Even still, her work sparks discourse. When “Salvaged Landscape” moved from Detroit to a public art installation in Grand Rapids, vandals climbed inside and removed pieces of wood, so the city cordoned it off with police barricades. The project was then scheduled to move to the Heidelberg Project, a sprawling outdoor arts installation started in Detroit as a response to the city’s disinvestment in traditionally African American neighborhoods. But the day “Salvaged Landscape” was scheduled to move there, Newell got a call saying the project’s organizers no longer wanted it. “They told me that they worried it was offensive, and the neighbors were going to be upset that they had a piece that’s made from an arson house,” she says. “I thought: Wow. My piece is being declared offensive by the Heidelberg Project. What does that mean?”
At FABlab, Newell examines the glass that came out of the kiln that morning for the “Displace” project and selects a few pieces that she and a research assistant spray with chemicals to create the mirroring effect. She grabs a quick salad from the campus dining hall and when she returns, a maintenance man accidentally bumps a table of glass and cracks several of the best pieces. Newell takes a deep breath and assures him it’s OK. “That’s the thing about working with glass,” she says. “It breaks, and it’s gone. And you have to let it go.”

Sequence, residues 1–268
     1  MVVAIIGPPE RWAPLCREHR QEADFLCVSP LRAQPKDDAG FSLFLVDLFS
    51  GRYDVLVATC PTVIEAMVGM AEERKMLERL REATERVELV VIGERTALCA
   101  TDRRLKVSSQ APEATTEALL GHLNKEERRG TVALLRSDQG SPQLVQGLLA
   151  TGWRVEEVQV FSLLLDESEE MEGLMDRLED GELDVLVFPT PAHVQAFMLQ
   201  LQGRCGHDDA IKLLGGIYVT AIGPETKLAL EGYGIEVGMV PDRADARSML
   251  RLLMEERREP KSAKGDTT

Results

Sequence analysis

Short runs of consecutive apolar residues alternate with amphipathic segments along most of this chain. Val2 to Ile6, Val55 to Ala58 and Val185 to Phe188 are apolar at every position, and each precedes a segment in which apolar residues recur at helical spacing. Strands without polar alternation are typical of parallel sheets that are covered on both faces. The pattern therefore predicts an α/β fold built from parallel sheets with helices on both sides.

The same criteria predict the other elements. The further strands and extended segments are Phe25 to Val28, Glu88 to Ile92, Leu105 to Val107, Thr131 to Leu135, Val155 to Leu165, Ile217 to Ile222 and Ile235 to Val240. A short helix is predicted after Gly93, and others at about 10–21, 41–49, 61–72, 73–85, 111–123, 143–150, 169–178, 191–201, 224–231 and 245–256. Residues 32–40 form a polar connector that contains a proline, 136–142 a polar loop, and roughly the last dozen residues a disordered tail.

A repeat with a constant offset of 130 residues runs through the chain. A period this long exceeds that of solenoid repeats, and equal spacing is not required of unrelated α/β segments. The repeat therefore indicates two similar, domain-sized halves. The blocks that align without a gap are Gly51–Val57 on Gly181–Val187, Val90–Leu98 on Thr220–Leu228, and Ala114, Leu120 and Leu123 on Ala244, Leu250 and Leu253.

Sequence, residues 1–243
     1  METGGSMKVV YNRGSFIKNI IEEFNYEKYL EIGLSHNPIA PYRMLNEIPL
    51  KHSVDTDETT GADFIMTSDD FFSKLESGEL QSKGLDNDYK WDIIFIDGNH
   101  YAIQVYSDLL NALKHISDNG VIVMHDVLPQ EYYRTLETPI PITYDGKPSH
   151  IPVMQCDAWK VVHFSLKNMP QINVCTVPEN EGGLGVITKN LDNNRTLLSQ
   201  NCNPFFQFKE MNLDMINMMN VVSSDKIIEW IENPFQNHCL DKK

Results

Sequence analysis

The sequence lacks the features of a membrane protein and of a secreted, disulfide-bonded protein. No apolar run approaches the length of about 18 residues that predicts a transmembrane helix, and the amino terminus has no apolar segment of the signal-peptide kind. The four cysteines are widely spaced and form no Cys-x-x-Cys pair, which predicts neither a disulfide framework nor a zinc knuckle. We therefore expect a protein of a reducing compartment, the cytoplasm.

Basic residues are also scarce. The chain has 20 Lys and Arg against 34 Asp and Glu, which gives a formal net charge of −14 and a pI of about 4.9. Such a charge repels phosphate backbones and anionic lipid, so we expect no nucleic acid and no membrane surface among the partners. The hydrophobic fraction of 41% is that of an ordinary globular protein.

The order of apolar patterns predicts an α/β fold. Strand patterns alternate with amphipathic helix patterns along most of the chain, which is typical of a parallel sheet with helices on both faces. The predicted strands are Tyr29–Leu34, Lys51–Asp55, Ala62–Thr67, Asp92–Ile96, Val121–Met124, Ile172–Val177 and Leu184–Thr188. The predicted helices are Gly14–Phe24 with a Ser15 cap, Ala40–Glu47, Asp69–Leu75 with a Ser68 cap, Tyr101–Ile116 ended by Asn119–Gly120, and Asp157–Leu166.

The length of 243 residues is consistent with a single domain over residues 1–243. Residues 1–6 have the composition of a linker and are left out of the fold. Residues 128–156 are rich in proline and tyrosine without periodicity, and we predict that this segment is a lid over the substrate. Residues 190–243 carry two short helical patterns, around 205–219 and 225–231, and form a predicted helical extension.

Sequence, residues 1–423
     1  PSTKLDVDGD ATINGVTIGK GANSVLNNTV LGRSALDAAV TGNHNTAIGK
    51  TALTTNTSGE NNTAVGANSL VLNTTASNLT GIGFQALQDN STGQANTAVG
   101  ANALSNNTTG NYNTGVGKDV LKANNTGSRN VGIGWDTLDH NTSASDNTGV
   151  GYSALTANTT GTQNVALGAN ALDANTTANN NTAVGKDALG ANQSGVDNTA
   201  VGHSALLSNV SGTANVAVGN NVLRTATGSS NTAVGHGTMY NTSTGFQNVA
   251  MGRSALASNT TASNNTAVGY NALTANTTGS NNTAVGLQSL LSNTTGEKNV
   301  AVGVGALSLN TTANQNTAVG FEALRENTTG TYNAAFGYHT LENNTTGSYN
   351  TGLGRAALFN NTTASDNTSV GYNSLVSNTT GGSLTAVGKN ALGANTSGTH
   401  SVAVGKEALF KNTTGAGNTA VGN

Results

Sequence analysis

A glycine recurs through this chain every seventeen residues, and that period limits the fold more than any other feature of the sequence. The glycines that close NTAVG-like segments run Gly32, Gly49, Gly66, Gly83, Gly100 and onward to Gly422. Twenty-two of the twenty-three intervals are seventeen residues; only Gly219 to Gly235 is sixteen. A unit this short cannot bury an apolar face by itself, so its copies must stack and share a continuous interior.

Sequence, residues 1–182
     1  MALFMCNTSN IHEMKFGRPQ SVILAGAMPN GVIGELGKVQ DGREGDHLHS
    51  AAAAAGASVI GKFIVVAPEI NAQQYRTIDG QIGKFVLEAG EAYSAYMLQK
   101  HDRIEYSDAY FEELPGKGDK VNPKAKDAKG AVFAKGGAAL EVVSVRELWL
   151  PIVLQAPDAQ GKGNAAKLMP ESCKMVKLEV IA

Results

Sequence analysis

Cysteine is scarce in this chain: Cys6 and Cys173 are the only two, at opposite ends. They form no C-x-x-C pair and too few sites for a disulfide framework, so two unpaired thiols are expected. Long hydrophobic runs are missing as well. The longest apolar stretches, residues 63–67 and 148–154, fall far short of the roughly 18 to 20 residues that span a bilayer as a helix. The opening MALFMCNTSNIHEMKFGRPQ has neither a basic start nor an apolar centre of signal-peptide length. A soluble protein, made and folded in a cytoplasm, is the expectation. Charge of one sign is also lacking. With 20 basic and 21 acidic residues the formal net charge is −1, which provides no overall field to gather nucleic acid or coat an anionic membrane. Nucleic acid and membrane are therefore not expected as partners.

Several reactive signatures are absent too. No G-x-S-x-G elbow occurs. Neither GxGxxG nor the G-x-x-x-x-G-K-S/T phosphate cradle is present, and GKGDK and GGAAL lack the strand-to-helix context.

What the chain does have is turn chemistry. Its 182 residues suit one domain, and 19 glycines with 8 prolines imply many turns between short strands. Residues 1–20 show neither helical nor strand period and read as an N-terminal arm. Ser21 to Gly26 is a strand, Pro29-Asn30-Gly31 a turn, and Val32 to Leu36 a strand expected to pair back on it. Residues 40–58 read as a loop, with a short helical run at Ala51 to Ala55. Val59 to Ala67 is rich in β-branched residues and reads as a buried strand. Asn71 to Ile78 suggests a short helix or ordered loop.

She prepares more glass for the kiln, then drives back to Detroit to meet Brandon Weiner, the executive director of Creative Rights, a local nonprofit that’s making a documentary for a Kickstarter campaign. Weiner wants to record a testimonial from Newell at “Salvaged Landscape,” which has been reinstalled one house down from the original home, just across the street from Detroit’s famous abandoned train station. Next to Newell’s wooden structure, another artist has installed a miniature golf course. She bristles at the juxtaposition. While Newell isn’t an advocacy architect, her work is sensitive to the truth of a place; to her, the mini golf course seems crass. It risks turning an arson site into a literal playground, making a game out of Detroit’s challenges.
After a late dinner with Weiner and some other local artists, Newell’s day finally draws to a close. Heading home, she recalls an observation made by one of her colleagues at the University of Michigan. “He said that I do architecture like it’s an extreme sport,” she says. “I think that’s pretty true. I have a lot of trust in pulling things off.”